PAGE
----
As Joan cuts her finger attempting to make Greg freshly squeezed orange juice, he takes the opportunity to stitch her up. But in order to do so, he attempts to distract her as well, pretending there is a bird's nest on the ceiling, as one would a child. But rather than feel that he is patronizing her (as Joan assumed Lane was from his card and admonishment not to go cry), there's a tenderness here that's at odds with Greg's treatment of Joan last season and his rape of his wife. "I can't fix anything else," he tells her, "but I can fix this." Despite what has passed between them, I do believe he loves her.

It's a small moment of domesticity that conceals the true terror that Joan feels: that her husband will go off to war and will die in Vietnam. Even as she hopes to plan for the birth of a child (plans for which, fortunately, an illicit abortion from a "midwife," did not derail), the presence of death sits uncomfortably between them. Greg might be able to fix her cut but it's a painful reminder of just how little time they have been them as well as how unknown the coming year will be. Will he be gone in three months' time? Or six? Will he come back to her?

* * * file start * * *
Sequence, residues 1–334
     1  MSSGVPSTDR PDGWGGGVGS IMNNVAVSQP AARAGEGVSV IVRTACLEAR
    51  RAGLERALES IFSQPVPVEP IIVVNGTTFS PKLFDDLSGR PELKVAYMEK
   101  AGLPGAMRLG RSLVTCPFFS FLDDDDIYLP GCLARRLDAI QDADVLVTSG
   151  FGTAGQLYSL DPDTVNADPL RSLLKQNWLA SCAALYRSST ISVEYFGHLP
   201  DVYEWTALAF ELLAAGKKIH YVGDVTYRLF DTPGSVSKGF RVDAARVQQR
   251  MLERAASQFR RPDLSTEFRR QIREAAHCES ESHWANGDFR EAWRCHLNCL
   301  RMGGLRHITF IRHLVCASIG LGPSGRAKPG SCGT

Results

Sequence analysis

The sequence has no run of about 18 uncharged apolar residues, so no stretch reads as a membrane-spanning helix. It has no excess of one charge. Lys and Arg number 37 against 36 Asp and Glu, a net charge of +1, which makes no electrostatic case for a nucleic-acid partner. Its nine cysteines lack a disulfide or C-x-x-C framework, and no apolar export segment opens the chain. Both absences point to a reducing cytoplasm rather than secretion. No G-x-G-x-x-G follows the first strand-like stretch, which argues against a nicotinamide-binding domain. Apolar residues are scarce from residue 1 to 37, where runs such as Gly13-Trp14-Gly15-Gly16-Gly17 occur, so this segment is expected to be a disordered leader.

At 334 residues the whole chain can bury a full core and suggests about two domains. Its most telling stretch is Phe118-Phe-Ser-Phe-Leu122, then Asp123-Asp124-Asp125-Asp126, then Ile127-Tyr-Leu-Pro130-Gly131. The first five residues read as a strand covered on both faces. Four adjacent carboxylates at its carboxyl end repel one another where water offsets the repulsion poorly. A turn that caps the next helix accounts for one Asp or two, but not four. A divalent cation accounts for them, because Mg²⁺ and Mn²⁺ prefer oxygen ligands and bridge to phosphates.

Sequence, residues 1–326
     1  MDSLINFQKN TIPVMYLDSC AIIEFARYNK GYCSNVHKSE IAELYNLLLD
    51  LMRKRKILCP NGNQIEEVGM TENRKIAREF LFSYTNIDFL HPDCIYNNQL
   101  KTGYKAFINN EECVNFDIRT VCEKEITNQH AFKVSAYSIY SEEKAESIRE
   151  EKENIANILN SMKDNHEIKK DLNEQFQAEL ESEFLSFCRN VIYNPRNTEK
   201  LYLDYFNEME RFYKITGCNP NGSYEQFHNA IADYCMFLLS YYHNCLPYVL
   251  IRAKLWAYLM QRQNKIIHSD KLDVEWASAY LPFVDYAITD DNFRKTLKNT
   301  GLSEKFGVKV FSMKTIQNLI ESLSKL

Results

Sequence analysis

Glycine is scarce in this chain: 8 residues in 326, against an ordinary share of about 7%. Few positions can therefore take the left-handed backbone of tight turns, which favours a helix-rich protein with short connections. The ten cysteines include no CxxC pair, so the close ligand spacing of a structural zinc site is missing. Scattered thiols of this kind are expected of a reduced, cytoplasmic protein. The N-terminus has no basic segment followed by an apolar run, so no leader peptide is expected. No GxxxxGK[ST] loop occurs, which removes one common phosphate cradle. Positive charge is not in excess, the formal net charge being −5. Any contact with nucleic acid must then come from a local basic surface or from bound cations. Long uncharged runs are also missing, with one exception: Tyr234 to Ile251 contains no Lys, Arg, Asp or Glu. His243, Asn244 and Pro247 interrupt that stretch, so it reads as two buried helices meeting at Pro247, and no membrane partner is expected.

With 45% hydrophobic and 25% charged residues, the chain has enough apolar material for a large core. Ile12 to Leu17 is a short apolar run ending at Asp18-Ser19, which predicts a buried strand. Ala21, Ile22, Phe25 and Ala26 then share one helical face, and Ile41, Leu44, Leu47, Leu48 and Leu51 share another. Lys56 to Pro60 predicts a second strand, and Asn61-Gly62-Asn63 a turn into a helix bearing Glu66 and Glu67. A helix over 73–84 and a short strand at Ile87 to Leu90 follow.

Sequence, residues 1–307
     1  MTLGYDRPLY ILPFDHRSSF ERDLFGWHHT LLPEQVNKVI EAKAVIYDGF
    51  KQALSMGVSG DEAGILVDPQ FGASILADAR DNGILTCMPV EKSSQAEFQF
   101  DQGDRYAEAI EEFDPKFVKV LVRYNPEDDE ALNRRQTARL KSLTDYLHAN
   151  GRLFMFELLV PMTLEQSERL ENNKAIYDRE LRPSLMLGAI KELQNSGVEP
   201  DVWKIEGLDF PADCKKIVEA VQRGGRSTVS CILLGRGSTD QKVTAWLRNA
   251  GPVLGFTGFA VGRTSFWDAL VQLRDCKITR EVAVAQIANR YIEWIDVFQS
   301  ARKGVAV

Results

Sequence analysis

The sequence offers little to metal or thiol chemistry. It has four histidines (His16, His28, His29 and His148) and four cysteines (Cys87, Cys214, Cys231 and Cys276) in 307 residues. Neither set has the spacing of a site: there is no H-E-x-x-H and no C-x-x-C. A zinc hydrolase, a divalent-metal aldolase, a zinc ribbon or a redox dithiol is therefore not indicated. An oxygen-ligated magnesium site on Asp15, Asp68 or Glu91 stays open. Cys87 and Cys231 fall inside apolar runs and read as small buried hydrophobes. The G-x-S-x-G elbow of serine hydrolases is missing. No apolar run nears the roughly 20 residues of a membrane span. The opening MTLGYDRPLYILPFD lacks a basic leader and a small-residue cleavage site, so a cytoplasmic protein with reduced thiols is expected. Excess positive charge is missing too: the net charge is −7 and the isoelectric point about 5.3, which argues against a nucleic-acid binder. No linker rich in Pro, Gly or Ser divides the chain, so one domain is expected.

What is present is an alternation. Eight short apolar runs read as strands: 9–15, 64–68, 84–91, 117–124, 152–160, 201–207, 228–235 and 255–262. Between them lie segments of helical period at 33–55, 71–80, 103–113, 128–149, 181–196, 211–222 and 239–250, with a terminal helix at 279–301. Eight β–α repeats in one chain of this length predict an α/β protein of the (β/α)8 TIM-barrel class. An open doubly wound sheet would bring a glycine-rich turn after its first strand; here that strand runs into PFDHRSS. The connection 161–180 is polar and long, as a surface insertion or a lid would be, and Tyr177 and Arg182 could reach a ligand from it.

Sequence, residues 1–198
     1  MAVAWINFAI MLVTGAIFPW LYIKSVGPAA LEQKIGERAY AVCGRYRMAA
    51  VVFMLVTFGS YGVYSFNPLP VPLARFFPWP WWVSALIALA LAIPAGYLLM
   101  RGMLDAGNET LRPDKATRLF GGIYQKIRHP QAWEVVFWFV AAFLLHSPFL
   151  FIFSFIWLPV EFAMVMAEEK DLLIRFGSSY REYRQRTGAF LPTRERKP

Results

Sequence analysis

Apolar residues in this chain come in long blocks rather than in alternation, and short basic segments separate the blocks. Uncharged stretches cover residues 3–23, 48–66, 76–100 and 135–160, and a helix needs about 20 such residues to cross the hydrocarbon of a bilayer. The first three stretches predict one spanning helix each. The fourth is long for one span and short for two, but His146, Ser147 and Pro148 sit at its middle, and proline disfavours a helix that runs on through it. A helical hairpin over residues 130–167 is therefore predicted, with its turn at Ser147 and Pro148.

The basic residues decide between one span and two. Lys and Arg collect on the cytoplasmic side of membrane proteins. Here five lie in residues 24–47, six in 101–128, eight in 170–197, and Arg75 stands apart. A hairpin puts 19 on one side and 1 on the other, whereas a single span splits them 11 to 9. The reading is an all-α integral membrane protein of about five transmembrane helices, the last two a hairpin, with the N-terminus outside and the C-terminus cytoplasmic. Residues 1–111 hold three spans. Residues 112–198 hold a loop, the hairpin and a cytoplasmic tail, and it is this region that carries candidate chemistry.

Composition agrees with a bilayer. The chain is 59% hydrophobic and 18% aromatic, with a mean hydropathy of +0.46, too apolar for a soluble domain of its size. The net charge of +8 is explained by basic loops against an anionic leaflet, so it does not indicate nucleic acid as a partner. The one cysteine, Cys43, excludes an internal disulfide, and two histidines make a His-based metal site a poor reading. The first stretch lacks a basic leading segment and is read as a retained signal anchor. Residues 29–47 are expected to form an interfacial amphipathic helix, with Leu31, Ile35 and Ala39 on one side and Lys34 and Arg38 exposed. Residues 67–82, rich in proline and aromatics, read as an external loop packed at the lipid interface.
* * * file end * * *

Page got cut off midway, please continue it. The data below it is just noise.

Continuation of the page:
Ultimately, distractions are just that: distractions. In the cold light of morning, Don is still alone, Lane is still estranged from his wife, Greg will still go off to war and Joan may wind up a widow. All three attempt to take their minds off their troubles by escaping reality but life has a way of catching up with you. At the office, the conference table has finally arrived as the staffers of Sterling Cooper Draper Pryce gather around to begin to plan the coming year.